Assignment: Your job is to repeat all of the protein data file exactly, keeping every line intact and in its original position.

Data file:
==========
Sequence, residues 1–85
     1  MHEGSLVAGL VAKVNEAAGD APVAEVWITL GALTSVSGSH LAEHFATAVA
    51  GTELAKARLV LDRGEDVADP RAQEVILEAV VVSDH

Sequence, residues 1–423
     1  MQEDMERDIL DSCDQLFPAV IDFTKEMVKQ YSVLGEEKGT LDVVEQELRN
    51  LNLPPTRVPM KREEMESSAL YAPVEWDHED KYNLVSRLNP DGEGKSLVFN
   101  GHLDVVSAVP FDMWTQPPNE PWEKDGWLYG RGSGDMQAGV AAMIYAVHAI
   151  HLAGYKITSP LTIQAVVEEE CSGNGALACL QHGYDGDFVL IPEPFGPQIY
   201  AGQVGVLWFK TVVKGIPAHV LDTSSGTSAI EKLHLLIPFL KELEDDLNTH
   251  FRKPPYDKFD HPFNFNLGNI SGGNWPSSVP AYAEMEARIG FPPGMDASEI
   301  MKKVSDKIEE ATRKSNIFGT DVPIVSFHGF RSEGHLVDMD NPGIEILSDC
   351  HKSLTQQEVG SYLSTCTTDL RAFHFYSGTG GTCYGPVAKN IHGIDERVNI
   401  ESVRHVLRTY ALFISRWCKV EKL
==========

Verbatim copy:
Sequence, residues 1–85
     1  MHEGSLVAGL VAKVNEAAGD APVAEVWITL GALTSVSGSH LAEHFATAVA
    51  GTELAKARLV LDRGEDVADP RAQEVILEAV VVSDH

Sequence, residues 1–423
     1  MQEDMERDIL DSCDQLFPAV IDFTKEMVKQ YSVLGEEKGT LDVVEQELRN
    51  LNLPPTRVPM KREEMESSAL YAPVEWDHED KYNLVSRLNP DGEGKSLVFN
   101  GHLDVVSAVP FDMWTQPPNE PWEKDGWLYG RGSGDMQAGV AAMIYAVHAI
   151  HLAGYKITSP LTIQAVVEEE CSGNGALACL QHGYDGDFVL IPEPFGPQIY
   201  AGQVGVLWFK TVVKGIPAHV LDTSSGTSAI EKLHLLIPFL KELEDDLNTH
   251  FRKPPYDKFD HPFNFNLGNI SGGNWPSSVP AYAEMEARIG FPPGMDASEI
   301  MKKVSDKIEE ATRKSNIFGT DVPIVSFHGF RSEGHLVDMD NPGIEILSDC
   351  HKSLTQQEVG SYLSTCTTDL RAFHFYSGTG GTCYGPVAKN IHGIDERVNI
   401  ESVRHVLRTY ALFISRWCKV EKL